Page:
Nature Mikey

Nature Mikey

Monday, April 18, 2011

Breed of the Day: American Fuzzy Lop


    The American fuzzy lop is a medium sized, woolen rabbit resembling the Holland lop in body shape and temperament. Their coats are much easier to care for than that of the angoras; great for someone looking for a longer haired rabbit who may not have the time to dedicate to grooming. Acceptable varieties include agouti (chestnut, chinchilla, lynx, opal and squirrel), broken (any color), pointed white (black, blue, chocolate and lilac), self (black, blue, blue-eyed white, chocolate, lilac and ruby-eyed white), shaded (sable point, Siamese sable, Siamese smoke pearl and tortoiseshell) and wide-band (fawn and orange).
    The background of the American fuzzy lop is interwoven with the history of the Holland lop. When first introduced, the Holland lop was only available in solid colors, and some breeders wanted to add the broken pattern to the Holland lop gene pool. To do this, they bred their Holland lops to English spot rabbits. While they achieved the goal of producing broken patterned rabbits, they failed to keep the rollback fur that the Holland must have. The offspring instead had the flyback fur of the English spot. The breeders then bred Holland lops to French angoras, a breed that has a very gentle rollback coat. The result of these breedings was that the wool gene was also introduced into the Holland lop gene pool and a Holland lop with long wool was occasionally found in Holland lop litters. These were generally sold to people were enchanted with a small, woolen and lop-eared rabbit.
    The pioneer American fuzzy lop breeders, including Patty Greene-Karl and Gary Fellers of the east coast of the US and Kim Landry and Margaret Miller of the west coast, noted the marketability of the fuzzy Hollands. Patty Greene-Karl is credited with realizing that the fuzzy gene was recessive, so that breeding two Holland carrying this gene resulted in a percentage of the offspring (theoretically 25%) with wool. Patty decided to develop these rabbits as a new breed, named the American fuzzy lop. After working for four years on the development of fuzzies, she presented her rabbits to the American Rabbit Breeders Association (ARBA) for the first showing of the breed at the 1985 ARBA convention in Huston, Texas. Three separate standards for woolen lops were recieved from three different individuals, but only the American fuzzy lop presented by Patty was granted a working standard.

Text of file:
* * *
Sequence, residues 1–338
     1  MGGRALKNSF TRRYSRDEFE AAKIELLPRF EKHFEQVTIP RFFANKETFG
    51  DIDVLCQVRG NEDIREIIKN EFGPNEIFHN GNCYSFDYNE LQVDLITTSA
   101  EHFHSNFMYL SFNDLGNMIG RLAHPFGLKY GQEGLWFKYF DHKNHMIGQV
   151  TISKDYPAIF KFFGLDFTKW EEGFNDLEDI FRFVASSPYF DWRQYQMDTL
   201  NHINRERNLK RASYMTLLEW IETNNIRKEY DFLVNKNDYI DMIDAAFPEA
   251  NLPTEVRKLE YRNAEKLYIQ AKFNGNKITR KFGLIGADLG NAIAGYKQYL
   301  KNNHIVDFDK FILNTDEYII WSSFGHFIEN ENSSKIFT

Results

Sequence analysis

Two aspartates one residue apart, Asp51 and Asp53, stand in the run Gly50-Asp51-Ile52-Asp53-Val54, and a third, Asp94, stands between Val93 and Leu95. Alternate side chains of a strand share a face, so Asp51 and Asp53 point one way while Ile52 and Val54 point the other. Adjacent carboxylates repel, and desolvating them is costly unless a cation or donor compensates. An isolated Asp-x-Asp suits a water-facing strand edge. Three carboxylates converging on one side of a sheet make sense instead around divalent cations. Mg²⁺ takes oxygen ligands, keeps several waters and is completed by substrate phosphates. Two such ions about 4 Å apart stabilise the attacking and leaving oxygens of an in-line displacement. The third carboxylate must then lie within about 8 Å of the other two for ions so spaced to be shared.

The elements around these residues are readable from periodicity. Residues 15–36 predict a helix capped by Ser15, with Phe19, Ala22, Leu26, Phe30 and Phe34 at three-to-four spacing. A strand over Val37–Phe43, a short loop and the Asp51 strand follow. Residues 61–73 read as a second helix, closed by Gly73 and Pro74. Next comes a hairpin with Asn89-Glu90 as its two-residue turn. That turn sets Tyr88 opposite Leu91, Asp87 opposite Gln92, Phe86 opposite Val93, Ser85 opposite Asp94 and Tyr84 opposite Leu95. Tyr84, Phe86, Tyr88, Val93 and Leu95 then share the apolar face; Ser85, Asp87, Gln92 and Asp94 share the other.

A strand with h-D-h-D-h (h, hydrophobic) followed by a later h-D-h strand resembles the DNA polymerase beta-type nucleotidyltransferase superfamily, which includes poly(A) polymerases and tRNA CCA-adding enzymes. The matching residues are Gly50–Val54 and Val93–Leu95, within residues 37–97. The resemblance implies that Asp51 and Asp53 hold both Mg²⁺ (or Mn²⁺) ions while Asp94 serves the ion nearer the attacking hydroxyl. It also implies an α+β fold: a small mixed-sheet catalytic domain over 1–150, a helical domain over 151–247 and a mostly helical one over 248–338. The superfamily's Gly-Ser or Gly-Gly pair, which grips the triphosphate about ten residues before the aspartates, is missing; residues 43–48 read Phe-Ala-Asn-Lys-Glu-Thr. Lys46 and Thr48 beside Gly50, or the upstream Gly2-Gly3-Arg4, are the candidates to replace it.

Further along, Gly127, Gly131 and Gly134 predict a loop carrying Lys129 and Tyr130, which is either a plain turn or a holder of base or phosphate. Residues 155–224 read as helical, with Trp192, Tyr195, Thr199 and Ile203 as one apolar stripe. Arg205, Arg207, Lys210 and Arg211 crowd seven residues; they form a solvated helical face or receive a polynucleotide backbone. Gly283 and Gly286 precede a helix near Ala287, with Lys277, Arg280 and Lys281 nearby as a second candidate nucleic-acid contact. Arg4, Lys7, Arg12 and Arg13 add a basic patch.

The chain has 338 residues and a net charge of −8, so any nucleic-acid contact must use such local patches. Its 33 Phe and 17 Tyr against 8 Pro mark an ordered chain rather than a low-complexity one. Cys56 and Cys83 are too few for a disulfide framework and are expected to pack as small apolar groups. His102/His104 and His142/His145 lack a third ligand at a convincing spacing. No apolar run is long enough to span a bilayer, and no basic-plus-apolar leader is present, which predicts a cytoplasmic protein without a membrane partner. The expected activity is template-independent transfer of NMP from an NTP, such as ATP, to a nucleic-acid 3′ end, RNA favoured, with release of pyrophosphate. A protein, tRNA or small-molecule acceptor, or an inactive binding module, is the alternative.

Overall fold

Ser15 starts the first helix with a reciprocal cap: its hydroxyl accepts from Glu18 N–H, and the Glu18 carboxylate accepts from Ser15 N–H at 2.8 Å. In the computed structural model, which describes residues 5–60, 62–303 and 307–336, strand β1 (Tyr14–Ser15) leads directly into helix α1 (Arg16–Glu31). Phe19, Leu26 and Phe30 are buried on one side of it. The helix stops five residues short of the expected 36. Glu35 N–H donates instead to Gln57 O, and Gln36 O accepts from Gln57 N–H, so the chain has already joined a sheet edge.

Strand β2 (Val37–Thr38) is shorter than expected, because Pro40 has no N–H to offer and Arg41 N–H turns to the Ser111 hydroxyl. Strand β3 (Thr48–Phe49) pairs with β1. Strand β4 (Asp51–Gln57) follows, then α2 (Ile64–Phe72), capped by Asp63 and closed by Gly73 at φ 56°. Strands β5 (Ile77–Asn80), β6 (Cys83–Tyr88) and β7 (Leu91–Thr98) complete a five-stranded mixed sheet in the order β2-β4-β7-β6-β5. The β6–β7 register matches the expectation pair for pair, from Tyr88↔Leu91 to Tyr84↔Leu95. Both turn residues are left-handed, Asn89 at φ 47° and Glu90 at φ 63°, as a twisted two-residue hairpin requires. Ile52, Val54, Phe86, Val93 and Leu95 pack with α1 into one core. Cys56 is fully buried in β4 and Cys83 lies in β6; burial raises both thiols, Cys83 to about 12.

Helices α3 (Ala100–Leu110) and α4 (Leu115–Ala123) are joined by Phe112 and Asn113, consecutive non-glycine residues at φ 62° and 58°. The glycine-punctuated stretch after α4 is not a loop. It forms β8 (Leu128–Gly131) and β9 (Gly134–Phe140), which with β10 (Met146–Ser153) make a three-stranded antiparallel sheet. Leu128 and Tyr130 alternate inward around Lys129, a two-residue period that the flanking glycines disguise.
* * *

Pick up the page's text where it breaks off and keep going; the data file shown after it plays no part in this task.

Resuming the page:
The original standard called for a maximum weight of 4 3/4 pounds with the ideal weight being 3 3/4 pounds, and a rabbit designed to have the body type, ear carriage and size of a Holland lop combined with short, easily maintained wool. At the 1986 ARBA convention in Columbus, Ohio, the American fuzzy lop was presented for its second showing, and again passed. However, at its third showing a the 1987 ARBA convention in Portland, Oregon, the ARBA standards committee did not approve the breed because of a lack of uniformity from one animal to another. A new working standard. A new working standard was written by Jeff Hardin at the request of Patty, which was accepted. The revised standard basically described a woolen Holland, calling for a maximum weight of four pounds, and an ideal weight of 3 1/2. In 1988, ARBA requested only the breed's sponsor be allowed to bring fuzzy lops to a convention in Madison, Wisconsin because of limited cage space. The American fuzzy lop had to pass that year to become a recognized breed or else its proponents would have to start the procedure all over again. Fortunately, Patty's presentation passed at the convention, and the American fuzzy lop became a new recognized breeds. In 1989 in Tulsa, Oklahoma, Helen McKie's "Herbie" was selected for the Best of Breed (BOB) American fuzzy lop at that years ARBA convention. Herbie's picture graced the ARBA's Standard of Perfection book from 1991 to 1995, representing the fuzzies well.

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